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Gardening with Annuals

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Annuals complete their entire life cycle in one growing season: the seeds sprout, the flowers blossom, and the plant sets seed and dies to ground. All most of these flowers need to thrive is proper water, sufficient sunlight, and well-balanced soil.

You can start these flowers directly from seed, with seedlings, or by transplanting older plants from cell packs. If you buy plants to transplant, plant them as quickly as possible or store them in a shaded area and water when necessary.

Here are some general tips for gardening with annuals:

  • Avoid planting before the danger of frost has passed. Most ot these flowers like warm soil and stable temperatures.
  • Avoid planting in areas where water pools after heavy rain. Pooling water can drown the roots.
  • Avoid planting in areas close to trees or large shrubs, because the root structures of these large plants can compete for moisture and leave your flowers without enough water.
  • Mulch the flower bed should before planting with a two to three inch layer of pine straw or pine bark. Mulching conserves the moisture contained in the soil and reduces the growth of weeds.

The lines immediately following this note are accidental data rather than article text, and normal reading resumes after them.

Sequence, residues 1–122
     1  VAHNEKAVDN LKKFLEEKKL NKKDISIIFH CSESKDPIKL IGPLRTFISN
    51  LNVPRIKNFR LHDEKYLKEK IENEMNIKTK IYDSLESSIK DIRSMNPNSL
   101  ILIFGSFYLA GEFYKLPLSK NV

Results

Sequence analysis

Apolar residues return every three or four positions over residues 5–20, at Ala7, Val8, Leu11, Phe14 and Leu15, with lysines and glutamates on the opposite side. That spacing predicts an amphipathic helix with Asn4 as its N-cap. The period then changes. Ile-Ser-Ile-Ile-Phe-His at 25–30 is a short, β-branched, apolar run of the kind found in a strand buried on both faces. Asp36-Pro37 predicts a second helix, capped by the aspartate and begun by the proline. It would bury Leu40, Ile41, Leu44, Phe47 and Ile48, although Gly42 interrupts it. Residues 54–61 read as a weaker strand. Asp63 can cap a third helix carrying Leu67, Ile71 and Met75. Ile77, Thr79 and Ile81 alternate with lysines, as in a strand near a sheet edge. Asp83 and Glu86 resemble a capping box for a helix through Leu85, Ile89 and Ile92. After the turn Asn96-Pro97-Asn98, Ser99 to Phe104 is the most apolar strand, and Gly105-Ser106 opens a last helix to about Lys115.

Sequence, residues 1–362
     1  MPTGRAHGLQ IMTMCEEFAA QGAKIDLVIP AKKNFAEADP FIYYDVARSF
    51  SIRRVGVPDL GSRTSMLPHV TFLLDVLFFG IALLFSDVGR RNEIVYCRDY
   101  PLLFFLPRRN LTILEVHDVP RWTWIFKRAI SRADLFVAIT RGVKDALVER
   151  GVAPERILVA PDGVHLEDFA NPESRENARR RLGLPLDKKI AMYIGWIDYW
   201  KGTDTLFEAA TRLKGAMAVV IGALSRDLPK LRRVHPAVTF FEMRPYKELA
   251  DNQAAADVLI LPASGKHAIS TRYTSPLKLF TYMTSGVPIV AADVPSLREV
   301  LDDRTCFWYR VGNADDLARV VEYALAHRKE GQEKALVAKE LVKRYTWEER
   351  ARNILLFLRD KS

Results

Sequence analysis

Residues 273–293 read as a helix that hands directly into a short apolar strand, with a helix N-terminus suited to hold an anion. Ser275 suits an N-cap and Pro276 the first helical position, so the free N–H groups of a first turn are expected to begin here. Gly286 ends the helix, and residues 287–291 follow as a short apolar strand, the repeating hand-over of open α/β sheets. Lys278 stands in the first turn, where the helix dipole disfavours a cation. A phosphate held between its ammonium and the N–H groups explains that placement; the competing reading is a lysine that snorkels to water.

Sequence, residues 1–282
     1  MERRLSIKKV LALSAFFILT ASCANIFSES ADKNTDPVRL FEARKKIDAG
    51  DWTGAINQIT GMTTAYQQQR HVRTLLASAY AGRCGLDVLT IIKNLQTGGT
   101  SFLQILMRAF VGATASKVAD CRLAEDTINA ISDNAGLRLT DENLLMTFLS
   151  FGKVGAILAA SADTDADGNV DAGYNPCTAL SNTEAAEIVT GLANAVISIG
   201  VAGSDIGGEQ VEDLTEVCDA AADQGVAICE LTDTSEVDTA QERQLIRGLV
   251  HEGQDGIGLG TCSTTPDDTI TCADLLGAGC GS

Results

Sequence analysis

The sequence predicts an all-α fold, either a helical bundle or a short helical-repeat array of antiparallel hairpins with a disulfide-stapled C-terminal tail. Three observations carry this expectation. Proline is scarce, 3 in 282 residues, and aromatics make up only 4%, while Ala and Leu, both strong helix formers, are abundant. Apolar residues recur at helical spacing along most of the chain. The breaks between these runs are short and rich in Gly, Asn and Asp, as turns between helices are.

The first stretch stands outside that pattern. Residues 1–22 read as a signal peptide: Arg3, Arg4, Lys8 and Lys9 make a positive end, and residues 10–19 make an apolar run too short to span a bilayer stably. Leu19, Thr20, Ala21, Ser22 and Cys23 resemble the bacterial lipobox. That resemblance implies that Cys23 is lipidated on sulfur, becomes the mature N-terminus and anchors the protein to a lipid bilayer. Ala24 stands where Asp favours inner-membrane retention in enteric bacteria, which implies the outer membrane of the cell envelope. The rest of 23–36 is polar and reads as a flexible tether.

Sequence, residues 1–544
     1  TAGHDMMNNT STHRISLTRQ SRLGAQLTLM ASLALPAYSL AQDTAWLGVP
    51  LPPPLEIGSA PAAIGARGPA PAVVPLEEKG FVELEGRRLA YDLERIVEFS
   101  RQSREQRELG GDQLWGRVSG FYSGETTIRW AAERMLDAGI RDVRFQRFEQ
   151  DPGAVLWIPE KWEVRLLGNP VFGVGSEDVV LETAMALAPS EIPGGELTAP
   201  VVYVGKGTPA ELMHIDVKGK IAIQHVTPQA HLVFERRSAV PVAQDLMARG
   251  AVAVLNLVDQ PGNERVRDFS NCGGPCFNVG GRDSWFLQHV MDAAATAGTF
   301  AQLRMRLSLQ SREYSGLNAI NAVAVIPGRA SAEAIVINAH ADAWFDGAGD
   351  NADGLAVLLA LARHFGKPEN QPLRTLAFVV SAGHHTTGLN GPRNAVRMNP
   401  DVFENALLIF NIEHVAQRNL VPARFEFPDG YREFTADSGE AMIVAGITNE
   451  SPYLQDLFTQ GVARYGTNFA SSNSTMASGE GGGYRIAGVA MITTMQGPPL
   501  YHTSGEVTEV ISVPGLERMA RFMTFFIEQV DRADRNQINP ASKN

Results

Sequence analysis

• Most types grow best in a well-drained soil containing a moderate amount of humus and tolerate a pH range from 5.8 to 7.4. Amend clay heavy soils before planting by mixing in at least two inches of humus, leaf mold, compost, or small pea gravel.
  • Most varieties need to have at least six hours of full sunlight each day, although some types, such as argeratum, browallia, coleus, fuschia, dianthus, pansy, and impatiens, do well in partial shade or filtered sunlight.
  • Watering and fertilization needs vary according to variety, so it’s important to know about the needs of each plant.

 

Types

Annual flowers come in different types. Usually, you want to plant hardy types in the fall for color throughout the colder months. Most hardies start to decline in the spring and die when the heat of summer begins to arrive.

Half-hardy annuals, such as dianthus, can tolerate a light frost but not a hard one. You can generally plant them early in spring. Half-hardies usually start to decline in the heat of the summer, but they can bloom again in the autumn.

Tender annual flowers, such as zinnias, impatiens and vincas, cannot tolerate any freezing temperatures, so do not plant them until all danger of frost has passed.

Popular Annual Flowers for the Home Garden


deb5376 – Flickr

Pansies bloom best when planted in an area that receives full sunlight. You also want to plant pansies in tight masses and in a rich, well-drained soil.

Impatiens do best in either shade or filtered sunlight, and they like a quick draining soil containing plenty of organic material.

Marigolds love the sun and a well-drained soil. These plants are easy to care for, and they provide dependable blooms.

Verbenas also love the sun, and they need hot weather to thrive. Plant them in the warmest parts of the garden that get the most sunlight.

Madagascar periwinkles bloom through the summer and into the fall season, and they come in a variety of pink and white shades.

Updated: November 9, 2012 — 2:22 am

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